Introduction: Floating Cat Shelves

About: I enjoy building things in my spare time. Being the proud owner of 12 indoor only cats, with limited space, most things I build are for their entertainment.
Cats love high places. But on top of the bookshelf , casually kicking things off, isn’t always the place you want them to be. Give them a elevated space to call their own with the easy to build , Floating Cat Shelves.


1 - 1/2”x 4’x 8’ Sheet of plywood
2 - 2”x4”x8’
5’x12’ Carpet of your choosing
1lb box of 3” Screws
Small box of 1 1/2” Brad nails
Small box or 2” Brad nails
Small box of T50 3/8” staples
5-10 sticks of Hot glue (optional)

Finishing nailer / Brad nailer
Staple gun
Hot glue gun
Razor knife with extra blades
Tape measure
1’ Framing square

Step 1: Planning and Preparation

So you want some floating shelves. Great! I can help with that. You could follow this guide and replicate the shelves I built, or use it as a rough guide to build shorter/longer shelves.

Out of 1 - 4’x8’ sheet of plywood I built a total of 4 (3’ 6” long x 9” wide x 4” tall) shelves.

Decide on where you want the shelves to be. Whether you choose to install them along a flat wall, Staggered in the corner, or wrapped around a corner. All valid options.
After you select an area , find and mark each wall stud. Knowing their exact locations will save you a lot of trouble when your making the mounts for the shelves.

Each mount will need to span across at least two wall studs for stability reasons.

Okay so you know how many shelves you want, how long you want them, and where you plan to hang them. Time to cut some wood!

Step 2: Making the Cuts (Plywood)

Starting with the sheet of plywood

Cut the sheet of plywood into 4’ x 9” strips.
You should end up with 10 - 9” strips and 1 - 6” strip.
If you don’t have a table saw, spend a couple dollars and have the plywood cut down at Home Depot / Lowe’s. Their fancy saws make cuts that are almost always straight.
For each shelf, you’ll need 5 separate pieces. Top, bottom, left side, right side, and the front.

Grab two of the 4’x 9” strips and measure and mark your desired length. In my case 3’ 4”. After cutting the strip to the desired length, you’ll want to hang onto both of the 8” x 9” scrap plywood that is left behind.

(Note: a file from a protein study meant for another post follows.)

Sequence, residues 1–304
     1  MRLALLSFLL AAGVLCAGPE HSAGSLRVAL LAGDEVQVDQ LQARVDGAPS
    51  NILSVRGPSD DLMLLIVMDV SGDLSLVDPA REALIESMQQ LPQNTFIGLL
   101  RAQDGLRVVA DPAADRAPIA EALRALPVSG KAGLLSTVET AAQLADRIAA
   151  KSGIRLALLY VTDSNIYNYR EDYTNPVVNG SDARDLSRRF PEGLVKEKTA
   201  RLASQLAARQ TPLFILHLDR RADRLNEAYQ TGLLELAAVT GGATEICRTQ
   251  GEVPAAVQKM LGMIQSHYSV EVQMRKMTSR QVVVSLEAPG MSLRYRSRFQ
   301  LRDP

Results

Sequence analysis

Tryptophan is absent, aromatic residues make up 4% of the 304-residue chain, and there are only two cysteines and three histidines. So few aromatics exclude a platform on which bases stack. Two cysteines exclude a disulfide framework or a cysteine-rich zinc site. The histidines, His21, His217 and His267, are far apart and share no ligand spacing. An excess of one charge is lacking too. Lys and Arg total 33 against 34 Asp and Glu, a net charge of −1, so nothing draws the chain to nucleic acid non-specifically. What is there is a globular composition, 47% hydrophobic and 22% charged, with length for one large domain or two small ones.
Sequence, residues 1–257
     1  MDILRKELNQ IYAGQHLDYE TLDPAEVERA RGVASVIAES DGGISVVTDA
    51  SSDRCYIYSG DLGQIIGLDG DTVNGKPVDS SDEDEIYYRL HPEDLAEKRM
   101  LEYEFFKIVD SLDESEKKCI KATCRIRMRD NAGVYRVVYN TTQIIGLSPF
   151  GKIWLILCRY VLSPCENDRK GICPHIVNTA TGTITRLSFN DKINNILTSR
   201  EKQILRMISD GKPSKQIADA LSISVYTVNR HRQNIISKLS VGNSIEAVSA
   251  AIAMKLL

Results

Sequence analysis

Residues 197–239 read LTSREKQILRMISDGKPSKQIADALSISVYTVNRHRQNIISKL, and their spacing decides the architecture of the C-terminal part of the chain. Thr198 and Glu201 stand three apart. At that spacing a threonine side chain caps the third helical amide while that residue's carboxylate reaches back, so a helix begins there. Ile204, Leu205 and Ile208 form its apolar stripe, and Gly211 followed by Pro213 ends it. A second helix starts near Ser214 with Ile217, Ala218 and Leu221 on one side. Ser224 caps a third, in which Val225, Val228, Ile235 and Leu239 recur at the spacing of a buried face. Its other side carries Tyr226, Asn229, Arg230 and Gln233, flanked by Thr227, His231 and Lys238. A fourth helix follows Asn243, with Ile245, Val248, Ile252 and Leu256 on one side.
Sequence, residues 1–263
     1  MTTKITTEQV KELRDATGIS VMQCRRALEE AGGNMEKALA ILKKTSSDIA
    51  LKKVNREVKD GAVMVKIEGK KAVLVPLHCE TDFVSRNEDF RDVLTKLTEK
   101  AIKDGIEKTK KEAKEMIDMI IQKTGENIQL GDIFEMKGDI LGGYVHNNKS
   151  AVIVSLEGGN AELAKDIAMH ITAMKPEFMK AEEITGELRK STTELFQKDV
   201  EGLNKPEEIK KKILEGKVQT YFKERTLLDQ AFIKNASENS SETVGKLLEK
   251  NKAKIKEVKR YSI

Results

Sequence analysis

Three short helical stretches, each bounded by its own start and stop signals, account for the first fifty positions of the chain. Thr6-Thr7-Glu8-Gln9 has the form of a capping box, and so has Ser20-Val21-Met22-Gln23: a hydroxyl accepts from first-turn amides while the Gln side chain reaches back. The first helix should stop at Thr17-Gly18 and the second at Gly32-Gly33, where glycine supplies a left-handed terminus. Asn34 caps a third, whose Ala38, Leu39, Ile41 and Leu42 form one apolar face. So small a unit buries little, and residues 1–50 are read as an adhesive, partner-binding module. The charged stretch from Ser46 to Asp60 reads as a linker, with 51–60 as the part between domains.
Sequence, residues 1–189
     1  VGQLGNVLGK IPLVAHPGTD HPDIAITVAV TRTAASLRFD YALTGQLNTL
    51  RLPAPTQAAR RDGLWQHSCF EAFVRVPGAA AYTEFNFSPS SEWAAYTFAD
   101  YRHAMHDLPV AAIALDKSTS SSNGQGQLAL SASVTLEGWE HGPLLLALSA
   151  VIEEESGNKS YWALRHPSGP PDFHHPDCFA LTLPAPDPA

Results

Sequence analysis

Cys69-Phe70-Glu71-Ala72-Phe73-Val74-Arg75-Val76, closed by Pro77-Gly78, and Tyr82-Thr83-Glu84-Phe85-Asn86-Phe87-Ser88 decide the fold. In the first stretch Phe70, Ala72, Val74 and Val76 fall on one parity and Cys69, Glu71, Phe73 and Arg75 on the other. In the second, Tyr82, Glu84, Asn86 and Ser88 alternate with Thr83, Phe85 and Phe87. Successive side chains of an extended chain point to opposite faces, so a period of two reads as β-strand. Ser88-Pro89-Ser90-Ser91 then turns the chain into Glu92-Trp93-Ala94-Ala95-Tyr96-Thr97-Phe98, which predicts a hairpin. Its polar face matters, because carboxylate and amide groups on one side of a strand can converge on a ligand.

You now have your top and bottom pieces. 3 more to go.

Cut one of the 8” x 9” scrap pieces down the middle so you end up with two 4”x 9” pieces. These will be the left and right side pieces.

Using a Brad nailer, attach the top and bottom to the side pieces. Making sure that the two side pieces are in between the top and bottom pieces , and not outside of them. The more flush the edges of the side are, the better.

Measure outside dimensions of the box you secured together moments ago , to get the dimensions for the front piece of the shelf. And make the cuts accordingly.

Step 3: Making the Cuts ( 2 X 4 )

Time to make the wall mount
Measure the inside length of the shelf. Then subtract 4” to get the length of the back piece of the mount.
Cut the 2x4.

Now cut 3 - 6” pieces of 2x4
These will be what supports the shelf.
Do not assemble any 2x4 pieces yet.

Step 4: Assembling and Setting the Wall Mount

Take the back piece (longer) of 2x4 you previously cut down. Place it against the wall where you plan to hang the shelf and mark the stud locations on the board.

This allows us to comfortably place the supports without accidentally positioning them in the way of where the screws that will secure the mount to the wall.

On a 38” ( in my case ) 2x4 I positioned the 3 - 6” cuts of 2x4 about 11” apart. With the outside pieces roughly 2” From each edge. I used 3 - 3” screws to attach each of the pieces to the longer board. And then 3 - 3” screws into each wall stud to secure the mount to the wall.

Be sure to check to make sure the mount is level before setting yours screws.

Step 5: Cutting the Carpet

Before we start cutting carpet.

Make sure your shelf fits over the mount that is installed on the wall. It should slide over the entire wall mount and sit flush against the wall. As well as be able to slide left to right a couple inches allowing for minor adjustments to the shelf’s final location.